401k Cash Out versus 401k Loans

May 14, 2020

This article is not meant to be a substitute for the advice of a financial planner or other investment professionals. It is just meant to give you some background information.

If you need the money to buy an investment property Multifamily, office, retail, industrial, or hospitality and have been saving for retirement with a 401k plan, you may be tempted to cash out your 401K plan. You may want to use the money to invest in a commercial property or to weather your current financial storm. If you are relatively unfamiliar with the ins and outs of 401k plans, you may be confused. Many individuals know they are saving for retirement and that is it. Do you have to repay the money you take out? Are you charged fees? It all depends because you have a couple of options.

So, what are your options to access the money in your 401k account? Your options include cashing out your 401k and taking a loan from it. What is your best option?

When cashing out your 401k, you don’t take a percentage of it. You take it all. This may seem like a good option if you want to buy a new car and pay for it in full. With that said, you are charged penalties. This penalty is 10%. You are not charged this fee when accessing your retirement at the age of 60. Moreover, 401k contributions are tax-sheltered at first. You are taxed when you access the money, such as with early withdrawal.

Having your retirement savings in your hand to use at your disposal may seem like a good idea. Yes, it will at the time. It is important to think long-term. Say, you have $20,000 in retirement savings. After the 10% fee, federal and state taxes, you are left with an average total of $16,000. For starters, you lose money. Next, you no longer have that money for retirement. How do you intend to survive financially without it? You better have a backup plan in place. If not, you could be homeless or work until you are 70 to make ends meet.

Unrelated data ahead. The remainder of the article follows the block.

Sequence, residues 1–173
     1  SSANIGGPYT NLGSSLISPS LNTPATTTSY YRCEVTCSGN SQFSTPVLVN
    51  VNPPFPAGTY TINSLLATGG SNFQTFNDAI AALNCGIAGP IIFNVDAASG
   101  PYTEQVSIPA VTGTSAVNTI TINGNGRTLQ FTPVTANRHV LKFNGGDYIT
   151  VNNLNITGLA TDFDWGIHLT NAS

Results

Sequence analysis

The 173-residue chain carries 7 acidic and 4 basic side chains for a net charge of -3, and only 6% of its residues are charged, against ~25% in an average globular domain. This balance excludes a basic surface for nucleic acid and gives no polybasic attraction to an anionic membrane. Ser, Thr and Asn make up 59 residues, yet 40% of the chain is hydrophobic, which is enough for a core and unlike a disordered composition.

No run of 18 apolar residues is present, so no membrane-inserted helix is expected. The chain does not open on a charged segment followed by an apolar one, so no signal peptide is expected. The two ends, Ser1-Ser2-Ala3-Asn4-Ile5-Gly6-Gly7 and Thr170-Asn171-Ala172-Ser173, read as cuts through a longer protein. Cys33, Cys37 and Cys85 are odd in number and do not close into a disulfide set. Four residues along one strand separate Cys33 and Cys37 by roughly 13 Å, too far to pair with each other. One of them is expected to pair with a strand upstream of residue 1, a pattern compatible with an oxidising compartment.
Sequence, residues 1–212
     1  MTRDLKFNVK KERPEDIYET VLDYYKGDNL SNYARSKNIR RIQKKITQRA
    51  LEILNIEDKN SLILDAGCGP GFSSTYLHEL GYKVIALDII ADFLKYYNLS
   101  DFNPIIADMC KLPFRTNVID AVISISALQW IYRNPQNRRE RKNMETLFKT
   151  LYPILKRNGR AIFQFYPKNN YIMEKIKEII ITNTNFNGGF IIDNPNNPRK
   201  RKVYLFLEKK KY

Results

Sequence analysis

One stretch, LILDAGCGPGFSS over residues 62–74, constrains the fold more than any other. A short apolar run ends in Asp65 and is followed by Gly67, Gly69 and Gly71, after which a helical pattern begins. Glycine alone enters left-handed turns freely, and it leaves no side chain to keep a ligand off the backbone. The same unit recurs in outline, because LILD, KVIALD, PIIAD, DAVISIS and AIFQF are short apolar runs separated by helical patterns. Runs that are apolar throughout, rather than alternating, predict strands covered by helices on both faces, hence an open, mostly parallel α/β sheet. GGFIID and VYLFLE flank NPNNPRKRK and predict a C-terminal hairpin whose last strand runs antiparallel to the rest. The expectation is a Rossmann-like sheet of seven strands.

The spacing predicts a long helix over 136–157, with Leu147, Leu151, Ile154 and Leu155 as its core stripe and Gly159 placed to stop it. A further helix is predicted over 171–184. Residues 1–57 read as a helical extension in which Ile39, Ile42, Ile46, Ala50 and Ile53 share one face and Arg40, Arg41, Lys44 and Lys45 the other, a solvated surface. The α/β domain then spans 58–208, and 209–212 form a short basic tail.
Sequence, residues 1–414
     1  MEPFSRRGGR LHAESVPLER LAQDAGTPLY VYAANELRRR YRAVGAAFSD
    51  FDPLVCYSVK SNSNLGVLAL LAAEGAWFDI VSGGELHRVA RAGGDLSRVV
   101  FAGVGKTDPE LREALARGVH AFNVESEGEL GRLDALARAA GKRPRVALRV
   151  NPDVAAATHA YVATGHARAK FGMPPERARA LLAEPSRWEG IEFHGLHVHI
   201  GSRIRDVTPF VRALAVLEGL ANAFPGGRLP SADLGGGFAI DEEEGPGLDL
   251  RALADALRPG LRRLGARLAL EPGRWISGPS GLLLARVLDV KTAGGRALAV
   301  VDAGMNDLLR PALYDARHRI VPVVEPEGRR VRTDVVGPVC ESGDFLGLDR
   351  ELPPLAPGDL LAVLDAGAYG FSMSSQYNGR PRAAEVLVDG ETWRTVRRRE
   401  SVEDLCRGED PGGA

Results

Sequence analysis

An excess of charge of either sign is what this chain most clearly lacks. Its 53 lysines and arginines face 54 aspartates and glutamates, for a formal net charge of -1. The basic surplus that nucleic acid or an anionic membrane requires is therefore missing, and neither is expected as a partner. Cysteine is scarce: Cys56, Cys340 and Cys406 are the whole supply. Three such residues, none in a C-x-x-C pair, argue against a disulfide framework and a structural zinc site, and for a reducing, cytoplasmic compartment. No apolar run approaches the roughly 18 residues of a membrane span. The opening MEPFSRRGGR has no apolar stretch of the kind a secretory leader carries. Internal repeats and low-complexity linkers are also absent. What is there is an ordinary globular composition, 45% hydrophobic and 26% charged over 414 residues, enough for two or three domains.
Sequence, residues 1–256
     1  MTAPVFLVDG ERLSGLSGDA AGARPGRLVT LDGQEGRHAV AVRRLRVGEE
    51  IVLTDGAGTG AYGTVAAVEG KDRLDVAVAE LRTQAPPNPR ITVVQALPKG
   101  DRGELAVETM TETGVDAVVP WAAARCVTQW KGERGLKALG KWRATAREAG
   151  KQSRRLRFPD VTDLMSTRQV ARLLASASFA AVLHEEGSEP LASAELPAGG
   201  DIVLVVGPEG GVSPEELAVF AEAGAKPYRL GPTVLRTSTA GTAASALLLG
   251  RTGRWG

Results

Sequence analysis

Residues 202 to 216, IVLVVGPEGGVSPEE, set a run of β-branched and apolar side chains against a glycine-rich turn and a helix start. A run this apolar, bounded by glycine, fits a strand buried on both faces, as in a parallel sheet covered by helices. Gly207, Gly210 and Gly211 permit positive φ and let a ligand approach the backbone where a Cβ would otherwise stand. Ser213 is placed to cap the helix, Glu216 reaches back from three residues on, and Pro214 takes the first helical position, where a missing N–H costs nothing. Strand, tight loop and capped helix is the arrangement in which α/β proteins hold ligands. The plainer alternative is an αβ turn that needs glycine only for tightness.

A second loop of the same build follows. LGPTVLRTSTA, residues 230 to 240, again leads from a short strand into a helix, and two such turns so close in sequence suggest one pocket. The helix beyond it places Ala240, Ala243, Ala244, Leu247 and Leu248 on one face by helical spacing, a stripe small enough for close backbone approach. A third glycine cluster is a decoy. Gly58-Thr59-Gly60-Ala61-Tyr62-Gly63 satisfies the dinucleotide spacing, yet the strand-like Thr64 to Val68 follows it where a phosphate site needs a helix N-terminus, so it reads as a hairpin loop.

Not all employers have the option of early cashouts. Most advise against it. One of the few cases in which an employer will opt for early cash out is with extreme financial distress or terminal medical conditions. The other case is with a job switch. If switching jobs, you can leave your 401k as is and pay management fees or you can rollover to an IRA or your new company’s 401k plan. There is, however, the option to cash out early. If you are in your early 20s and do not have a lot of money invested, you don’t have much to lose.

As shown, cashing out your 401k early has many downsides. It is risky and you lose money for retirement. If you need cash and you need it now, apply for a 401k loan. Most employers allow them. These are loans, so they must be repaid. Although 401k loans are optional, most employers will give them if you show need. Fill out a loan application and speak to someone in your company’s financial department.

The only significant downside to borrowing from your 401k is double taxation. As with cashouts, you are taxed when you get the money. Next, you repay that loan. When repaying, you are taxed. This money is not legally considered a 401k contribution, but a loan payback. So, you are double taxed. Still, it is usually less than the fee charged with a 401k early cash-out. There may also be a handling fee, usually around $75 or less.

The only dangers of a 401k loan come from changing jobs and not making a repayment. If you do not repay your loan, your account may go to collections. If you change jobs, your employer may shorten the term of your loan and request payment within 90 days. If you anticipate switching jobs soon, hold off on a loan, or consider waiting to make the switch.

As you can see, both 401k loans and early cashouts have their pros and cons. If you are in financial distress, take a minute to think about the situation. If you are thinking of investing in a commercial property speak with your financial advisor and an investment advisor from Perfect RealEstate Investments and make sure it makes sense. Have you considered the alternatives, such as getting a bank loan, borrowing money from family, reducing expenses, or getting a second job? Dipping into your 401k account, even as a loan, should only be used as a last resort.

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